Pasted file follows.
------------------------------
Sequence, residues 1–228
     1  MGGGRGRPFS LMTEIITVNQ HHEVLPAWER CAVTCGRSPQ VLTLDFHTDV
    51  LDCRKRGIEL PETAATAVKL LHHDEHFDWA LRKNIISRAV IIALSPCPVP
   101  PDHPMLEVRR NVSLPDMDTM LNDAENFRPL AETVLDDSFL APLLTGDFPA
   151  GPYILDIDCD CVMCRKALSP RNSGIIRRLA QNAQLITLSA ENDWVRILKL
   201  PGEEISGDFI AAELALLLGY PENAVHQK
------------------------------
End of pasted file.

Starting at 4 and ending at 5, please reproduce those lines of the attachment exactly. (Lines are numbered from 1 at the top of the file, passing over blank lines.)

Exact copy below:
   101  PDHPMLEVRR NVSLPDMDTM LNDAENFRPL AETVLDDSFL APLLTGDFPA
   151  GPYILDIDCD CVMCRKALSP RNSGIIRRLA QNAQLITLSA ENDWVRILKL